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Apple's protective measures for children might open a backdoor to worse
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Apple will begin to scan your photos stored on their cloud storage service, iCloud, as an update in the upcoming iOS 15, iPad OS 15, watchOS 8, and macOS Monterey.
The feature, neuralMatch, is designed to scan photos and material stored on the cloud for any evidence of child abuse. When it detects something, it’ll alert a team of human reviewers to determine whether or not law enforcement should be involved.
This also applies to Siri, which will “intervene” whenever someone potentially searches for that content via those systems. Siri will also assist in reporting content by pointing you to the right websites.
With the scan in place, it’ll also begin to warn younger users and parents in the Messages app if something isn’t particularly suitable to be sent. Via Machine Learning, Apple intends to prevent explicit content from being sent from or to their younger customer and if the parent is connected via parental controls, they’ll get a notification and the child a warning that the notification will be sent.
In 2015, Apple rejected the FBI’s request to be allowed a ‘backdoor’ into the San Bernardino shooter’s phone. Now, the Electronic Frontier Foundation (EFF) has raised concerns about the potential for this Apple-approved backdoor to be used by certain governments to censor users who might be sharing LGBT+ content or to search for dissenting members of the population.
In a 2019 article, the EFF explained that adding in a client-side scanning service for explicit content is a sure-fire way to break privacy measures.
The EFF reiterates that in their 2021 article about this new system from Apple, is that it’s a breaking of the promise that Apple has repeatedly stood by in regards to privacy.
You’ll never be able to lock the backdoor once it’s opened and the nefarious uses that a system intended to prevent the nefariousness being committed can suddenly turn a once secure system into something that could actively harm the users.
iMessage (or just Messages) is no longer the secure service it purports to be. The method of detection gives Apple a larger insight into their customer’s data and content, while the intention is good, the method is likely to be abused by higher powers than Apple in areas of the world not particularly interested in only ensuring the safety of children, but oppressing others.
However, speaking with The Guardian, the developer of PhotoDNA – a similar piece of software – Hany Farid, says he isn’t worried about the inclusion due to other programs using it, including WhatsApp, which will scan messages for harmful links or files.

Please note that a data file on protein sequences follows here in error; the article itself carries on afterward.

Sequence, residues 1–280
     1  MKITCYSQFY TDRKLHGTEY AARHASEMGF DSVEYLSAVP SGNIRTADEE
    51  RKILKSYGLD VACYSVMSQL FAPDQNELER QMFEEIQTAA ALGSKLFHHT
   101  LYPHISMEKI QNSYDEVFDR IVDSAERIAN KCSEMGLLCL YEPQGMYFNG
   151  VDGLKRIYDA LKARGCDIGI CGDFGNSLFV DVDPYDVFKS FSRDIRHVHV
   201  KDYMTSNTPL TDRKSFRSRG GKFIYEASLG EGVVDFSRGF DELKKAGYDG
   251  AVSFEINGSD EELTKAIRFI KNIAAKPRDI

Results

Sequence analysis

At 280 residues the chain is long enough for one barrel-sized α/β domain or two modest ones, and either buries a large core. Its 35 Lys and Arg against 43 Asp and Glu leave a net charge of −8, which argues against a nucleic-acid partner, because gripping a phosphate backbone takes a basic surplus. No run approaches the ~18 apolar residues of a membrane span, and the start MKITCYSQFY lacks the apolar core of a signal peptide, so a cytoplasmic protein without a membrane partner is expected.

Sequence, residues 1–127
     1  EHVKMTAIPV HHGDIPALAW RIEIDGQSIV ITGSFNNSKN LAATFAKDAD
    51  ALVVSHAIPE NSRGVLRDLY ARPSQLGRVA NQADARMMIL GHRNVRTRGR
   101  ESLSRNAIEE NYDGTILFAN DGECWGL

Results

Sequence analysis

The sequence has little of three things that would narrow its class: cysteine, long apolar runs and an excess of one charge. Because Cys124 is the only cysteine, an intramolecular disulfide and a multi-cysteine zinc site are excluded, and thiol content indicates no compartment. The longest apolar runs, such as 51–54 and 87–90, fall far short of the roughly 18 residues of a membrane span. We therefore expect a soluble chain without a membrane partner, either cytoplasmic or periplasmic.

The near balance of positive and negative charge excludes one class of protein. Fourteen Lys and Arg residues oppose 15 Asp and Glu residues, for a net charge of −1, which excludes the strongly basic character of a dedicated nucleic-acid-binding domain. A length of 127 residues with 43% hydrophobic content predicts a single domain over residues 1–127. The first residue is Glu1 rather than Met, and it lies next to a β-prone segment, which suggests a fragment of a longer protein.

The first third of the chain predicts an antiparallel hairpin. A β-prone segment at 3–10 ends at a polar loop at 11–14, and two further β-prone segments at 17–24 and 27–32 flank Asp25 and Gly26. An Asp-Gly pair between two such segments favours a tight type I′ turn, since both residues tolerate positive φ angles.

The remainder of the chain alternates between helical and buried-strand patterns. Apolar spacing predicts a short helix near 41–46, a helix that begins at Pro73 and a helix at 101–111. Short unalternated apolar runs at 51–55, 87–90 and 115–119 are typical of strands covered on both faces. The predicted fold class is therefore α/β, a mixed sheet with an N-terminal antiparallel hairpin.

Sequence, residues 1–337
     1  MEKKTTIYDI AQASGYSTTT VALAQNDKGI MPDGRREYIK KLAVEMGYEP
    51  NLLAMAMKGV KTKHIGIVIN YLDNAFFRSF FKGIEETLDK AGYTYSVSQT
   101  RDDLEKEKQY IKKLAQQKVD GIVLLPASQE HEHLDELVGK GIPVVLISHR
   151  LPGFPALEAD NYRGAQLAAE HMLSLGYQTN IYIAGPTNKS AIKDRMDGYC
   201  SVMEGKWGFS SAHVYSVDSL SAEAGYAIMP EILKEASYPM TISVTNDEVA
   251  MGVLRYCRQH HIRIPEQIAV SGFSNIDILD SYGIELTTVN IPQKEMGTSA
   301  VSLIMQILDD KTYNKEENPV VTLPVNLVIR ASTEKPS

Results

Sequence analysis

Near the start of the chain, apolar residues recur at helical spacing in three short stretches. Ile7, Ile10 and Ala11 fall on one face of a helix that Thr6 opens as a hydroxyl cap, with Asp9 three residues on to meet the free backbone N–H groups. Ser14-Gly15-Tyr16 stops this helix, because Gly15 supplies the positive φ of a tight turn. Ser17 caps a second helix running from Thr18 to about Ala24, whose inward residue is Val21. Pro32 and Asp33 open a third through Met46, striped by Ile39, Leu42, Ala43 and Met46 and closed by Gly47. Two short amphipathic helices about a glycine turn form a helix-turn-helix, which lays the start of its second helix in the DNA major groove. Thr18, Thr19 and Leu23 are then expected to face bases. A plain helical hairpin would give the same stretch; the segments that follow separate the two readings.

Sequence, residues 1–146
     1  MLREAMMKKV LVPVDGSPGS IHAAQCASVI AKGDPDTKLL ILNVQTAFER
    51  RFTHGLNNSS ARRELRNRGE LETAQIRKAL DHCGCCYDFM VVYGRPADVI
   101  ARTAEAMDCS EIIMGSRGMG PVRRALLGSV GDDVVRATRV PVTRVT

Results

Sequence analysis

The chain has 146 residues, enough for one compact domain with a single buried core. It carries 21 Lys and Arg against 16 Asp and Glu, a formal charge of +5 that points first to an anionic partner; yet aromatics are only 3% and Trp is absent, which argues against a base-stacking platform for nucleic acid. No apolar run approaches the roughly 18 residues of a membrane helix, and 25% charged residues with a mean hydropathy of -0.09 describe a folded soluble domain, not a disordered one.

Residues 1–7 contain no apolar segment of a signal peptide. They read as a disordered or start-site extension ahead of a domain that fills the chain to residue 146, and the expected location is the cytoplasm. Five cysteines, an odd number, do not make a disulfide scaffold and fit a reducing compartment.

Meanwhile, Matthew Green, a professor and teacher of Cryptography at Johns Hopkins University, claims that this is on the beginning for ‘mission creep’, a term used to describe the changing objectives over a long period of time.
In a Twitter thread, Green also brings back up the fact that the American government asked for this on behalf of other nations, to allow them into the backdoor for ‘security’ purposes.
The ability to add scanning systems like this to E2E messaging systems has been a major “ask” by law enforcement the world over. Here’s an open letter signed by former AG William Barr and other western governments. https://t.co/mKdAlaDSts
— Matthew Green (@matthew_d_green) August 5, 2021
In a lengthy Twitter Thread, the head of WhatsApp commented on Apple’s plans for scanning photos, claiming it to be a “surveillance system”.
This is an Apple built and operated surveillance system that could very easily be used to scan private content for anything they or a government decides it wants to control. Countries where iPhones are sold will have different definitions on what is acceptable.
— Will Cathcart (@wcathcart) August 6, 2021
He states that Whatsapp has managed to report over 400, 000 incidents of child abuse shared on the platform without breaking end-to-end encryption over the last year but also fails to mention that it was only recently that WhatsApp was in the news, with The Information reported that Facebook (WhatsApp’s parent company) was trying to circumvent E2E for advertising purposes.
Cathcart rejects the notion, but also, Facebook members of staff aren’t exactly the most trusted at the moment considering their bannings of political researchers in the US (among other things), with none of the participants in the research being banned.
We're not pursuing homomorphic encryption for @WhatsApp. I've been asked this before (link below). We should be skeptical of technical claims that apps like ours could see messages in "good" cases only. That's just not how technology works. https://t.co/Y55p25QmR8 https://t.co/mZgNYyorkm
— Will Cathcart (@wcathcart) August 3, 2021